The Five Forces are •Threat of new entrants oAn essential part of remaining competitive, an organization must constantly be aware of new organizations coming into the same market. They must be prepared to offer better services/costs/etc. than the new organization. •Threat of substitute products or services Organizations must be aware of products or services that could be used as a substitute for what they are offering. A cleaning company has to be aware that people are capable of cleaning their own houses. KFC must be aware that people can make their food at home. This helps them to decide how to market their services/products as more necessary than the substitutes. •Bargaining power of customers oCustomers are able to shop for the best prices, and are always more than willing to take their business to the lowest bidder.
An organization must be aware of other prices and be able to match those prices if they want to keep their customers.
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WalMart has a price match guarantee for a reason. People are able to go to one place and spend all their money, and WalMart still makes money because they get the products for less than they are buying them from the suppliers for. •Bargaining power of suppliers oNot only can customers take their business elsewhere; suppliers can as well. They are looking to get the highest paid price for their product, and will sell to the person who is willing to pay or trade the highest value.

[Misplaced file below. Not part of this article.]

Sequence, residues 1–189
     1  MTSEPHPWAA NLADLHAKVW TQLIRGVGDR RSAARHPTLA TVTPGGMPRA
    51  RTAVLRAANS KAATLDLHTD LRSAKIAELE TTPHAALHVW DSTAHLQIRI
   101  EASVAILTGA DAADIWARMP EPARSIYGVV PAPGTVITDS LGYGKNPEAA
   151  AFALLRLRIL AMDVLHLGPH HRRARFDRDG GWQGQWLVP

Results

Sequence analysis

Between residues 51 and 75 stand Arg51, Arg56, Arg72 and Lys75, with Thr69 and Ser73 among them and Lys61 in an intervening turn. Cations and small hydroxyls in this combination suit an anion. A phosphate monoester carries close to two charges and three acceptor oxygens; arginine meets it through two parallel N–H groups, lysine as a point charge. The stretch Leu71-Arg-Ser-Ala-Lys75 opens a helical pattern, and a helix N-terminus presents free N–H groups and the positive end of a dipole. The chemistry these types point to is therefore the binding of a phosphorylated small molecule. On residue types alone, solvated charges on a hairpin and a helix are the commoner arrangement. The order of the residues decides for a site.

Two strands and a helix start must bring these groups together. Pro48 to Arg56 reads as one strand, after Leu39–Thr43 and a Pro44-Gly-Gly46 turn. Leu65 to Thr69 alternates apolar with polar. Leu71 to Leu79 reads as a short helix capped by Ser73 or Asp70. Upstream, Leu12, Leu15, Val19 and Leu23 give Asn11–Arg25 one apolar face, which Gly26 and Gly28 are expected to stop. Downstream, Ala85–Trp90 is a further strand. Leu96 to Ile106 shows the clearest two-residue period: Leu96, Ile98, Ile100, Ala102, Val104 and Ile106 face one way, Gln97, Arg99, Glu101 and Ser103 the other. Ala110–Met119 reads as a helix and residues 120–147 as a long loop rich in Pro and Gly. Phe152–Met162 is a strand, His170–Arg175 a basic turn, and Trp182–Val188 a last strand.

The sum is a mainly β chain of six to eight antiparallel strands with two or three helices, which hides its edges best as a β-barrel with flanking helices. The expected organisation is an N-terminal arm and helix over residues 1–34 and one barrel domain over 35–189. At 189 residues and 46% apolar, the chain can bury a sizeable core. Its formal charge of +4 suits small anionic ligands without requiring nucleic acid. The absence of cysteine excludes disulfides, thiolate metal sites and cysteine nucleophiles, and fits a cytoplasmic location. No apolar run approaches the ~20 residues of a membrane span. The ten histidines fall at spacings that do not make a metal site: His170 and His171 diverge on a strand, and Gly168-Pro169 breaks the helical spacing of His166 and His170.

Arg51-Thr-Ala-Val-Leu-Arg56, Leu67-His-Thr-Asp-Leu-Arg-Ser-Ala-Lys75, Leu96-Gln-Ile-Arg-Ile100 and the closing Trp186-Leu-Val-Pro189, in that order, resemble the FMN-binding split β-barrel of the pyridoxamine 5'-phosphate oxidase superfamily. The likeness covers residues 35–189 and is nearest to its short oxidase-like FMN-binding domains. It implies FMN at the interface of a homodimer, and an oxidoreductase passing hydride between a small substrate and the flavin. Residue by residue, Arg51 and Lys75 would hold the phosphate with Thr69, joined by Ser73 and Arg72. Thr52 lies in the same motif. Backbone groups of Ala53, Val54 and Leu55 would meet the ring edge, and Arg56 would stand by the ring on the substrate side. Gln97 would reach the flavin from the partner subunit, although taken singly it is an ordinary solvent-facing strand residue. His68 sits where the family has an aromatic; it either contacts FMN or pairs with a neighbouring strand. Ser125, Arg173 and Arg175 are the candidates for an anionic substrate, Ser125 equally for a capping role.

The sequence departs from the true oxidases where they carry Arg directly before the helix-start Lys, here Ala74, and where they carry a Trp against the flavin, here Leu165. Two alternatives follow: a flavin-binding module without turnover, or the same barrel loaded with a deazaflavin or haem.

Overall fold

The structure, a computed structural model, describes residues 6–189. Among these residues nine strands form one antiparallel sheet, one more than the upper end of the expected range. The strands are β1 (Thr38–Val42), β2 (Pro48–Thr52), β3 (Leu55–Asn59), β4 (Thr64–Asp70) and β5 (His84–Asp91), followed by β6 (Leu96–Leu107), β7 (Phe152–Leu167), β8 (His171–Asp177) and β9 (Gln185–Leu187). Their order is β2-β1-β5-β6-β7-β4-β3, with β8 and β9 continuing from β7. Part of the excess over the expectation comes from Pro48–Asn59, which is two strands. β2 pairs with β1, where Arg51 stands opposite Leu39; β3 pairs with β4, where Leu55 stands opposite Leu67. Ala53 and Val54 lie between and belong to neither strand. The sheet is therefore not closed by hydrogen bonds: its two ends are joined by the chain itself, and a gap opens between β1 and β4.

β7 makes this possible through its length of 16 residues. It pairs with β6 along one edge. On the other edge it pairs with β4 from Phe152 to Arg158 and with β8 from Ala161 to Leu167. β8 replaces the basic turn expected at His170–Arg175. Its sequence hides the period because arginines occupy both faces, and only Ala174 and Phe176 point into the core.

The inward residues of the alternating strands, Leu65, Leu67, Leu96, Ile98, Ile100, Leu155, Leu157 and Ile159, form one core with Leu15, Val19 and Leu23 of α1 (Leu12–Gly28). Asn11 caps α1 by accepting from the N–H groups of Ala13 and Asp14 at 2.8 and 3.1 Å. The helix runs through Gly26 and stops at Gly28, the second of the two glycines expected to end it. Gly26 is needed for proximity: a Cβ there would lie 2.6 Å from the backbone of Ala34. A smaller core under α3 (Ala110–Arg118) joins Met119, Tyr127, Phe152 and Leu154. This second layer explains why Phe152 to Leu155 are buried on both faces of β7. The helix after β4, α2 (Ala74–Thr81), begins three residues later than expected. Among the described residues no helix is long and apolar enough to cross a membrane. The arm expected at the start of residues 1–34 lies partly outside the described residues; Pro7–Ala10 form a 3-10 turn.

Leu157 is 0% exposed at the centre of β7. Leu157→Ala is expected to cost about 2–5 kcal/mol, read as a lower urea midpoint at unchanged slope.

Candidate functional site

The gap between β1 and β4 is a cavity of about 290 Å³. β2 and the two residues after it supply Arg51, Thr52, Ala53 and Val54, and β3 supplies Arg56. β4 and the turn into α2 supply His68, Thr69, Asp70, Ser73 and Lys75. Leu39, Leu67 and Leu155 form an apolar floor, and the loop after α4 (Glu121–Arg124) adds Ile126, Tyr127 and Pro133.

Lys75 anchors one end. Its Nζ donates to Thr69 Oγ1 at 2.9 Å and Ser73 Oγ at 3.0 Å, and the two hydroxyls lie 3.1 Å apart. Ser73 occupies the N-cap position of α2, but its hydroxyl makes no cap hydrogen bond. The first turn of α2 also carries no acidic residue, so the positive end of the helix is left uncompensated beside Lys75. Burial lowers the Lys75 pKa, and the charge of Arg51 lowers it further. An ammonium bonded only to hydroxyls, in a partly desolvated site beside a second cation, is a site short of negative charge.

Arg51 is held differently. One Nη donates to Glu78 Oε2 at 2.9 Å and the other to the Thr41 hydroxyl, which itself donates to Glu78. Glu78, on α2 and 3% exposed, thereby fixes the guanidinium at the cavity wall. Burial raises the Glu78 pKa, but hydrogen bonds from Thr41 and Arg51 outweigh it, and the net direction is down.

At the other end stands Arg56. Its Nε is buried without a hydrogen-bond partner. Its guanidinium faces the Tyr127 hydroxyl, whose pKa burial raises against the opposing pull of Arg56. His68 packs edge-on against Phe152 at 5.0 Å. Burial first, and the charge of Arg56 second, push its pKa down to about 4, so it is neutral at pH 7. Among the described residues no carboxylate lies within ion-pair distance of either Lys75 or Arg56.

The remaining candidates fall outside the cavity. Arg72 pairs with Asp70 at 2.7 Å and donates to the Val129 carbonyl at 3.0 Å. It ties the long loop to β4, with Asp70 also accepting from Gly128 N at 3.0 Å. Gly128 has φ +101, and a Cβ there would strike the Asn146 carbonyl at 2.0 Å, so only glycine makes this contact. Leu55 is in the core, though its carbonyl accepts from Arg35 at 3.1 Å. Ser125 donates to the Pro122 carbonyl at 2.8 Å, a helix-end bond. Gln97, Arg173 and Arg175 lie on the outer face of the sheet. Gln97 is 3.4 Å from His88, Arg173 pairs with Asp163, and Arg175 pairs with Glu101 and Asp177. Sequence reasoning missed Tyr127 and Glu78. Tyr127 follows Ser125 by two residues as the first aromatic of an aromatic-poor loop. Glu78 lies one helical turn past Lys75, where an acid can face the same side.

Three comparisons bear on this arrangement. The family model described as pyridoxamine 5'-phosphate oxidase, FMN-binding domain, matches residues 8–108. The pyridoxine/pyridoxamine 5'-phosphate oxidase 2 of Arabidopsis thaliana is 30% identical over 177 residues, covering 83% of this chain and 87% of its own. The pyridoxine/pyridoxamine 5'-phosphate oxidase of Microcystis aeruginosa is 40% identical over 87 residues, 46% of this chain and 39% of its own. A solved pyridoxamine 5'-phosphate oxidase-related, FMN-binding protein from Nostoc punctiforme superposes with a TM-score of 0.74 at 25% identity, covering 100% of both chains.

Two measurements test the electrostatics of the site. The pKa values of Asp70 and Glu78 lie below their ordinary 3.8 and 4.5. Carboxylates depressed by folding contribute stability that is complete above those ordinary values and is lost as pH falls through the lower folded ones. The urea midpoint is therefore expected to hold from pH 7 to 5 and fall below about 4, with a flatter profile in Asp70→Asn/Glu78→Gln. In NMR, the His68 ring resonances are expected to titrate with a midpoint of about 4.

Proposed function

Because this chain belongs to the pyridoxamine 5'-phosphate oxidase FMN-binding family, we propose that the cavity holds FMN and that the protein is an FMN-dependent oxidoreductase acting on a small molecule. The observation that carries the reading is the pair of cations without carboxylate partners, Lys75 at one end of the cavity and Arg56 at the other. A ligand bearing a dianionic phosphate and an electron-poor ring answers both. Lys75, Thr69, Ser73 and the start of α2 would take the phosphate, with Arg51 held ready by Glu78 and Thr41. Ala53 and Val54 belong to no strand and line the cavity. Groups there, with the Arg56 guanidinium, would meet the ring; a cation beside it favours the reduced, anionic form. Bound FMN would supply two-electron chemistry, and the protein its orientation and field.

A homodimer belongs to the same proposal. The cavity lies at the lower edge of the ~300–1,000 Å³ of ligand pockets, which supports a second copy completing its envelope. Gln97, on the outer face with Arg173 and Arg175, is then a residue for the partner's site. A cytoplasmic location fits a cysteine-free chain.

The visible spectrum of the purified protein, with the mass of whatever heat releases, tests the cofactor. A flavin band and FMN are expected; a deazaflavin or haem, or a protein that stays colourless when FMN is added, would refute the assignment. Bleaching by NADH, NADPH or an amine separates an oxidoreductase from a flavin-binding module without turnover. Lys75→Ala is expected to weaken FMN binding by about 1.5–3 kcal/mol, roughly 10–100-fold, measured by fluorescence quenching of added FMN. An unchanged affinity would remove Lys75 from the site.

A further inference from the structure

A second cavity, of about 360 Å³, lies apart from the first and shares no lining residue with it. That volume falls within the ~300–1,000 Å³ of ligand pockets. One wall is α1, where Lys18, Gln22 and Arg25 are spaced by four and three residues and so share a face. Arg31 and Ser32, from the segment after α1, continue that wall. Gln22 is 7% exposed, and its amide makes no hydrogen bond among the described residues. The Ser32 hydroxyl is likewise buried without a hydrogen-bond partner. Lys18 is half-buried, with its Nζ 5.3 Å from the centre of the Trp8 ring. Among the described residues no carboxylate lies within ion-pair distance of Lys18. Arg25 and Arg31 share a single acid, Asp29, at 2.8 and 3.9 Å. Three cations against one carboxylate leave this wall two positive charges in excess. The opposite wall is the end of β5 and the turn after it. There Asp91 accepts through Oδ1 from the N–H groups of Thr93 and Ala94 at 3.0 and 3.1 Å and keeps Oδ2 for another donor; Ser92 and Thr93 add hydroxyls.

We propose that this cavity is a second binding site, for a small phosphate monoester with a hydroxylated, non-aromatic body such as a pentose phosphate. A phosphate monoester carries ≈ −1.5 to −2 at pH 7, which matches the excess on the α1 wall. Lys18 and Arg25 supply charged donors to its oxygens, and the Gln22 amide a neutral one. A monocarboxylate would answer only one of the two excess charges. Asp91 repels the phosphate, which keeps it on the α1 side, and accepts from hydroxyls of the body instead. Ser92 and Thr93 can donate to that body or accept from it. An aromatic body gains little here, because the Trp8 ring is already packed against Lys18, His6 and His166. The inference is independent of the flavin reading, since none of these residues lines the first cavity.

In order to get the best products or services to pass on to customers, an organization must be able to successfully bargain with their suppliers •Intensity of competitive rivalry oIf an organization is to be successfully competitive, they must know how close their competitors are to offering better products/services/prices. If a company is brand new and just starting out, they more than likely will not be in the same circle as a well-established company. But a company that has been around for years and has a well-rounded and loyal customer base will be much more intensely competitive.